One rarely meets someone of such steadfast integrity as Jimmy O’Dea. He will always be one of my heroes. He passed away on 27 November at Auckland hospital aged 86.
I first met Jimmy and his family up at Takaparawha (Bastion Point) in 1977 when I first arrived in Auckland. They lived along Kitemoana Street from the Ngāti Whātua land wanted by private property developers for luxury housing. Jimmy was there then and was there every time people were needed for the frontline in struggle for the poorest and most marginalised.
Jimmy was a committed socialist and I heard a few of his stories from intensely grim times growing up in Ireland in a working class family. His anger at the horrific injustices faced by Irish workers and their families smouldered in his breast all his life, as did his anger at what big business and their government representatives were shoving down the throats of New Zealand workers and beneficiaries on low incomes.
There are thousands of children growing up in Aotearoa New Zealand today who will in future tell their stories of hunger and homelessness in a land of plenty alongside a government doing just enough to look busy as it pursues the votes of the liberal middle class – always fair weather friends of those on low incomes.
Jimmy was always there when an issue needed support and solidarity. He never sought the limelight – in fact quite the opposite. He was a humble man who had the best built-in bullshit detector I’ve come across. He was scathing of most Labour Party activists and politicians. Some were well meaning he would say but they could never be relied on when the going got tough. When National was in power their empty “we’ve got to change the government” rhetoric was denounced by Jimmy along with their miserable “we’re doing as much as we can” rhetoric when in government.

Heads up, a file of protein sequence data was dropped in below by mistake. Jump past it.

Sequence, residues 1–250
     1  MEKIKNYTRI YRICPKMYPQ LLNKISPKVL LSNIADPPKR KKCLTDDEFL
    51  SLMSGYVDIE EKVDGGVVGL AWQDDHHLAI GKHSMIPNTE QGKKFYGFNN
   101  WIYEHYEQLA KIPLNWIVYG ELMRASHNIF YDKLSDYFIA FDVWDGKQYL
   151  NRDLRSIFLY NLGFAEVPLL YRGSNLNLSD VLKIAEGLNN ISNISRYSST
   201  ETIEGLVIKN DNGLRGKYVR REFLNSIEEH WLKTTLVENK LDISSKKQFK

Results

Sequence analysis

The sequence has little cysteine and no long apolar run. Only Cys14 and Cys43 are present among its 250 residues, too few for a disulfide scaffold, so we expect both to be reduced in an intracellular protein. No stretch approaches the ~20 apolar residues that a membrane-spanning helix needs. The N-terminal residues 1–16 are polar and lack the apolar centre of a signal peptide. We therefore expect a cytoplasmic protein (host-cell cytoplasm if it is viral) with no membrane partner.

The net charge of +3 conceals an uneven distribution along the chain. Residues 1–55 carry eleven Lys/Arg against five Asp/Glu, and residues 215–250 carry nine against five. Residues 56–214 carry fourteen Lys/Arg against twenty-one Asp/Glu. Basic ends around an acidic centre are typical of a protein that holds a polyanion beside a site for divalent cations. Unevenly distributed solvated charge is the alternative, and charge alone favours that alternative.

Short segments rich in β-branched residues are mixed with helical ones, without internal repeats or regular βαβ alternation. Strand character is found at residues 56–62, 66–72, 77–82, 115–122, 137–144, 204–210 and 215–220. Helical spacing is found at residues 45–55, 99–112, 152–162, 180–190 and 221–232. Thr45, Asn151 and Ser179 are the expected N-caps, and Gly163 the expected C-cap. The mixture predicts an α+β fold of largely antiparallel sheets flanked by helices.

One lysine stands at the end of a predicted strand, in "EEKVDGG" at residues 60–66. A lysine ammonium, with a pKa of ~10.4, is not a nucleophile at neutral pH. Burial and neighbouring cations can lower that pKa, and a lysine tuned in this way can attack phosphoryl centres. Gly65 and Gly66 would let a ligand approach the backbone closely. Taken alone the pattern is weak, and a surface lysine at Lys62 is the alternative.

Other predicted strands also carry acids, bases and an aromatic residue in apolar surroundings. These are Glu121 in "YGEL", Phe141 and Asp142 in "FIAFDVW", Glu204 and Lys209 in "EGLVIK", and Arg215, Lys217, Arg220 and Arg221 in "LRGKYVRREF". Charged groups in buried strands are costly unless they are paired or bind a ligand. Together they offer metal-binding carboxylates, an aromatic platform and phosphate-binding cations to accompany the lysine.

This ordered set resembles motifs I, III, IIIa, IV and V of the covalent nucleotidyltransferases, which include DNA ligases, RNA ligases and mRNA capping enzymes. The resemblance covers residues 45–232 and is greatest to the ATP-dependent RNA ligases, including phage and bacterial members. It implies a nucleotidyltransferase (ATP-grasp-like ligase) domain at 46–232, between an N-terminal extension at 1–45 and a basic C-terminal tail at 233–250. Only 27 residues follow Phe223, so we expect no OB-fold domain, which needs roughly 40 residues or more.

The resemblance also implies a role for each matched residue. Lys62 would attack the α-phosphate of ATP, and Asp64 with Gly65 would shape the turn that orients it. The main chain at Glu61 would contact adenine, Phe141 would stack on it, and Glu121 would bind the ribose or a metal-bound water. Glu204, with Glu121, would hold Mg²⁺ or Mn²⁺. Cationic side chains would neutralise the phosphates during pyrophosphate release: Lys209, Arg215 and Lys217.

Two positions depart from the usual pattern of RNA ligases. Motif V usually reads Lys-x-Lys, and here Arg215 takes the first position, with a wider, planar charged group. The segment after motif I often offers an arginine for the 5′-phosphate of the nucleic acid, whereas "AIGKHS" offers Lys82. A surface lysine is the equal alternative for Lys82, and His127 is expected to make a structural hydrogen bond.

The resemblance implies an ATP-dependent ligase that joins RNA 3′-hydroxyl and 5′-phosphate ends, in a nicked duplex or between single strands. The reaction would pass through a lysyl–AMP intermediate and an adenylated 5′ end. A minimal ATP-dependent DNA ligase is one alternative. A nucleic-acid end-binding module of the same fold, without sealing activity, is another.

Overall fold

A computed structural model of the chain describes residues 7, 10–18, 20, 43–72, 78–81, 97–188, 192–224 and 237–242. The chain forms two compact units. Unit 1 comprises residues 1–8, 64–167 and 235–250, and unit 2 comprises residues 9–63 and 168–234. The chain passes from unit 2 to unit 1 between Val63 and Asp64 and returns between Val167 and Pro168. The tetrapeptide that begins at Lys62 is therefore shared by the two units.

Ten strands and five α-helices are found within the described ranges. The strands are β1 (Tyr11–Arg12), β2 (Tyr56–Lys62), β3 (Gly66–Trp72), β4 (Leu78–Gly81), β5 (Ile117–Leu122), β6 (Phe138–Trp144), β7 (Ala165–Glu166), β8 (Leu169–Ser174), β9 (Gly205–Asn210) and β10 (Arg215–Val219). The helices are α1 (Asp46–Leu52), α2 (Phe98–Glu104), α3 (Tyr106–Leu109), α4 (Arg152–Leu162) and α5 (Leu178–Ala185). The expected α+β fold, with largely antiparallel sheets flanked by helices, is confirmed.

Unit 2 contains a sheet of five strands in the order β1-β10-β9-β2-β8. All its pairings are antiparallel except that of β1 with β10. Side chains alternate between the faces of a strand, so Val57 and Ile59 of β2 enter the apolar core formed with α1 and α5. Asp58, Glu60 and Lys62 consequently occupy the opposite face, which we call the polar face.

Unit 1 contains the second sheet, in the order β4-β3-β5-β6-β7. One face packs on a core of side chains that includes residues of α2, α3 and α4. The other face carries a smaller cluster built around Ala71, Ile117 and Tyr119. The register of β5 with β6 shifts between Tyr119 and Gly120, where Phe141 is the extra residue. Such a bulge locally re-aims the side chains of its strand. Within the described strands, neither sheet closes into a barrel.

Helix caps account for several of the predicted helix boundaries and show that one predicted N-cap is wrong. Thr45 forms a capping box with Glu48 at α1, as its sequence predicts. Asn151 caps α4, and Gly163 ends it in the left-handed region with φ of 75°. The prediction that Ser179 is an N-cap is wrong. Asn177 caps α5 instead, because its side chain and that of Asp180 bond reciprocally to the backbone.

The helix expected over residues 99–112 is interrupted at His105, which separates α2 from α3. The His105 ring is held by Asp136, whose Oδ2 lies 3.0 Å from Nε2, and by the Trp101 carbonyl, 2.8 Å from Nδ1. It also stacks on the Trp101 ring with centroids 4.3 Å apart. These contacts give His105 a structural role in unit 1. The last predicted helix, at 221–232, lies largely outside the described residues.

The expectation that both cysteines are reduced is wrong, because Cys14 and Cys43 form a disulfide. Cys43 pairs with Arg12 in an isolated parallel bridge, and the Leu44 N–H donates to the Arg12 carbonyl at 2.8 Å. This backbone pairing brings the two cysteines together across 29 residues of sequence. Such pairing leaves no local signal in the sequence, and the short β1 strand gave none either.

He was likewise contemptuous of trade union leaders who sold out working class New Zealanders. The union movement has a history full of such people.
Others will have plenty more to say about this incredibly staunch battler for the working class but I’ll include here just a couple of incidents. Jimmy was the man aged nearly 50 who took a beating from four red squad members in 1981 as he lay under a Patu shield on the pavenment in Onslow Road during the protest against the last game of the 1981 Springbok tour (He is lying close to the police car which was later turned over and trashed in the protest).
Then at close to eighty years of age he gave new meaning to the term “putting your body on the line” when he lay under the truck trying to remove the first state house from Glen Innes. Labour and National are slowly renovating Glen Innes into a “Ponsonby by the sea” for the rich during the worst housing crisis for low-income tenants and families since the 1930s.
When someone dies it’s easy to get carried away with what a great person they were. But with Jimmy it’s hard to find enough superlatives to begin to do him justice. At the start of this piece I said he was a person of steadfast integrity. He was all of that. It doesn’t mean he didn’t make mistakes but it meant he always put what was right ahead of what was comfortable and ahead of his personal interests. He was a genuine champion of the working class.
A friend was recounting to me today a time a few years back at a public gathering when the late playwright Dean Parker was asked who should be the New Zealander of the year. His immediate answer was a sincere “Jimmy O’Dea”. So true.
I’m proud to have known this man and to have stood alongside him on many frontlines. He lived a big life in a small country. Thank you Jimmy.
Condolences to Pat, Martin and all Jimmy’s family.
Hāere rā e Jimmy, haere, haere, haere.